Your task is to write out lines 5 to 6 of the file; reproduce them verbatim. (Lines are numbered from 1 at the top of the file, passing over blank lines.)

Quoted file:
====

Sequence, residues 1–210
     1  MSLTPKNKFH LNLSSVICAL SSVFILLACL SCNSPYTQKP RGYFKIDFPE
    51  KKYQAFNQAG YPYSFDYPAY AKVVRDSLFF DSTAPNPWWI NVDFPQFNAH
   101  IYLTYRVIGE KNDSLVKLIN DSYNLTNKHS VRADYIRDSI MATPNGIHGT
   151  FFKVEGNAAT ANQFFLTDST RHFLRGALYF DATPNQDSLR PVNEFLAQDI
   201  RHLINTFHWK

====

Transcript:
   151  FFKVEGNAAT ANQFFLTDST RHFLRGALYF DATPNQDSLR PVNEFLAQDI
   201  RHLINTFHWK